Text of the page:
Hydrocephalus and Disability Benefits

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Hydrocephalus is an abnormal accumulation of cerebrospinal fluid in the brain, which causes the ventricles to enlarge and the pressure inside the head to increase. There is no cure and the only treatment option requires brain surgery. Adults with hydrocephalus may develop symptoms of the condition slowly over time or may have a rapid onset of symptoms, which can include headaches, vision issues, vomiting, a loss of coordination and balance, fatigue, and problems with speech, memory, and thinking, as well as personality changes and impulse control issues. Anyone can develop hydrocephalus at any time from a brain injury, infection, tumor, or, for unknown reasons, as part of the aging process.

Symptoms often diminish or disappear entirely once hydrocephalus is effectively treated for some individuals, but in many individuals symptoms can persist at varying degrees and intensities, and may be permanent in some cases. If your symptoms continue to prevent you from working, then you have a strong disability application, provided you have appropriate medical evidence to back up your claim. 

Disability Benefit Programs

The Social Security Administration (SSA) provides support to disabled individuals through two separate programs:

Supplemental Security Income (SSI) benefits are available to disabled persons of any age. This program does not require you have a work record at all but it does have “financial-need” standards you must meet.

Social Security Disability Insurance (SSDI) benefits are paid to disabled workers that meet work history or work record requirements. To qualify you must have contributed to the Social Security fund through Social Security taxes during your employment history and dependent upon your age, you typically must have worked between 5 and 10 years. Younger applicants with hydrocephalus will not be expected to have worked as long as a 60-year-old applicant.

Matching a Blue Book Listing with Hydrocephalus

The SSA’s Blue Book is a manual of recognized disabilities. While there is no dedicated listing for hydrocephalus, you may qualify by showing through medical records that your symptoms are equal in severity to one of the following listed impairments:

Stroke or Traumatic Brain Injury – Section 11.04

Traumatic Brain Injury – Section 11.18

Epilepsy – Sections 11.02 and 11.03

Tumors of the head and neck – Section 13.02

Organic Mental Disorders – Section 12.02

This is not a complete list. Qualifying for benefits will hinge on finding a listing that you can meet in the Blue Book based on your own symptoms from hydrocephalus. To meet the SSA’s medical eligibility requirements, you must have:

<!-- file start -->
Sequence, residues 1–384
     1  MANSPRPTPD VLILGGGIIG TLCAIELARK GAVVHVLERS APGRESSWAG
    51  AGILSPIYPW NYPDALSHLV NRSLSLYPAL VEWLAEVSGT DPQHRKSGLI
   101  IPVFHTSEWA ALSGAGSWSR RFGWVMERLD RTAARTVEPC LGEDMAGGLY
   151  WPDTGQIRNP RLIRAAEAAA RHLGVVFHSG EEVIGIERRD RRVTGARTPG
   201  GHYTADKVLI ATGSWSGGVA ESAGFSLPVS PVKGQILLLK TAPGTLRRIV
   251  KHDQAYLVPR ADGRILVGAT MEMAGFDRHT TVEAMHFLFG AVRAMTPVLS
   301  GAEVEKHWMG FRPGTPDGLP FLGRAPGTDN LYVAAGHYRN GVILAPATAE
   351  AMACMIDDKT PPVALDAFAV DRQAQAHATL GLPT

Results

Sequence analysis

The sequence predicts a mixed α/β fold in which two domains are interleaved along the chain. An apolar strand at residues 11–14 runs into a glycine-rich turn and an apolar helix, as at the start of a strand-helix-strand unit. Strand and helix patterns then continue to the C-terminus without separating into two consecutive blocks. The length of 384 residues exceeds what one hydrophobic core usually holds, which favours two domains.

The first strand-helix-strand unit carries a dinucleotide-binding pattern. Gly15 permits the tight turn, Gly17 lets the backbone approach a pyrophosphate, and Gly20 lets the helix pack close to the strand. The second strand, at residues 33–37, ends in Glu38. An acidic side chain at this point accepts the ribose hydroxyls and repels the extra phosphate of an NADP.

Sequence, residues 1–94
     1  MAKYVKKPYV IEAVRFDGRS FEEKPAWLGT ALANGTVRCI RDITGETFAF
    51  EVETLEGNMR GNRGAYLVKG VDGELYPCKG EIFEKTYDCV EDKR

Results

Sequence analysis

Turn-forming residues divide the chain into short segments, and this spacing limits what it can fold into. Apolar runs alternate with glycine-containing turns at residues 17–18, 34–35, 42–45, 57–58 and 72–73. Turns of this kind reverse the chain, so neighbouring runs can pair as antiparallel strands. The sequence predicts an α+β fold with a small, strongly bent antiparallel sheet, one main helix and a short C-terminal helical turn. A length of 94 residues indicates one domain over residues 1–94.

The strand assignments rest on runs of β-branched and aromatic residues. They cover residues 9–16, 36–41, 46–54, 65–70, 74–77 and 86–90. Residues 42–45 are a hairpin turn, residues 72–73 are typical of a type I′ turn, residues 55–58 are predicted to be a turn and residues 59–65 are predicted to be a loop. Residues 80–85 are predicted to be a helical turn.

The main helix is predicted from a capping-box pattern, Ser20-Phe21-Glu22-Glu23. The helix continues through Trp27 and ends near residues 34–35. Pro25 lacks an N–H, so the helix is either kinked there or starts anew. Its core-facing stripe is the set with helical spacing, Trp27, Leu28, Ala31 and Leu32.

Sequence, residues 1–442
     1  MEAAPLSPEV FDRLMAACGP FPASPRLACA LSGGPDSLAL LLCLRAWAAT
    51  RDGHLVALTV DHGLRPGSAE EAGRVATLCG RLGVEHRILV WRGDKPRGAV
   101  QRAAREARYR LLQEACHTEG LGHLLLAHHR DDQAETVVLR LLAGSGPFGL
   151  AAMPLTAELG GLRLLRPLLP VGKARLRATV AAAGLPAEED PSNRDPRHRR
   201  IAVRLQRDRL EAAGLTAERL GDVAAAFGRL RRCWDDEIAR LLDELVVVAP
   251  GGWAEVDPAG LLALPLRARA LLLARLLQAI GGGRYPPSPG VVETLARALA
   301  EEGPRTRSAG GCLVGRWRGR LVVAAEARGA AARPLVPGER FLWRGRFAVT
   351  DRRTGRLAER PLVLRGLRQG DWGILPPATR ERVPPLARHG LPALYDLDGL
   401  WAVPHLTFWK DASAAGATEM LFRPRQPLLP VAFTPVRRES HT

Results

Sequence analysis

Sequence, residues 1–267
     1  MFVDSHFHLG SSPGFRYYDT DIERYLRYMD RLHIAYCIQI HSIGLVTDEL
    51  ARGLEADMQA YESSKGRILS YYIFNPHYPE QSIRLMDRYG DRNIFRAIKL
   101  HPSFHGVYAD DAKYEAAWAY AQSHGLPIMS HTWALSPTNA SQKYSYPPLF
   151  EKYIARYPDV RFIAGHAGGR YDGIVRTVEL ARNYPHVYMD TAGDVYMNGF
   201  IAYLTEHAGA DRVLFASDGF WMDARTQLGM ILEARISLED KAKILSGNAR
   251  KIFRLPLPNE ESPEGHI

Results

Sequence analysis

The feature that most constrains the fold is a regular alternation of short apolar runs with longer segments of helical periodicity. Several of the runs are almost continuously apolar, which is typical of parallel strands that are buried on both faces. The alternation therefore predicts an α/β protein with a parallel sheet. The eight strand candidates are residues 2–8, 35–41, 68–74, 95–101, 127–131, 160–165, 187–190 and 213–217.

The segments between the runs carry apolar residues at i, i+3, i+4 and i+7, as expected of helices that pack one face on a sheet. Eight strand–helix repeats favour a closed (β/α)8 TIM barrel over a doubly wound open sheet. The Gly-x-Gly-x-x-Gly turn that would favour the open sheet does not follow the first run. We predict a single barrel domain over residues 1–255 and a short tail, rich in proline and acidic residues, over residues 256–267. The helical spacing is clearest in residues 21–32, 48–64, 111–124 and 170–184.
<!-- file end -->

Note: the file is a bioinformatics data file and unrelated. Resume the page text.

a through medical history,

a formal diagnosis,

and detailed documentation of how your symptoms affect your daily life and abilities.

Your doctor is an invaluable resource. He or she can help you understand the Blue Book medical stipulations and can assist you in compiling required medical records.

Medically qualifying for children is different than qualifying for adults. Hydrocephalus in children is listed in the Blue Book, in Section 111.00. Your child will be able to qualify if he or she has non-compensated hydrocephalus. The hydrocephalus must also cause intellectual or motor delays.

Qualifying Under a Medical Vocational Allowance

If you’re unable to match a listed condition, then you must be able to show your everyday abilities are severely compromised by your symptoms, including things like cooking, cleaning, shopping, communicating with others, or interacting socially. The SSA will conduct a “residual functional capacity” or RFC evaluation that looks at your physical and mental limitations.

If the RFC shows:

you are not able to work in any job for which you already possess the training and skills necessary,


you cannot reasonably be trained for a new job, given your education level, training, work history, and your physical and mental limitations, then you will be granted disability benefits through a medical vocational allowance. Your doctor can download an RFC evaluation online and fill it out for you.

Applying for Benefits

The SSI and SSDI programs require separate applications. The SSDI application can be completed online, but the SSI application must be filled out for you by an SSA representative, using the details you provide during your application interview. Visit the SSA’s website to start your online application, or call 1-800-772-1213 to schedule an appointment at the closest SSA office.

This article was provided by Social Security Disability Help. For any additional information, please feel free to email them at help@disability-benefits-help.org.

20 Comments for : Hydrocephalus and Disability Benefits
    • Mary Kaye Gattuso
    • July 27, 2019

    My daughter applied for disability and was denied twice. She has severe anxiety and depression. She gets very panicky in crowded areas. On paper at the doctors she looks stable but everyday is a struggle. Any suggestions, she has had hydrocephalus since 18 months is 20 y/o.

    • Buffie
    • July 3, 2019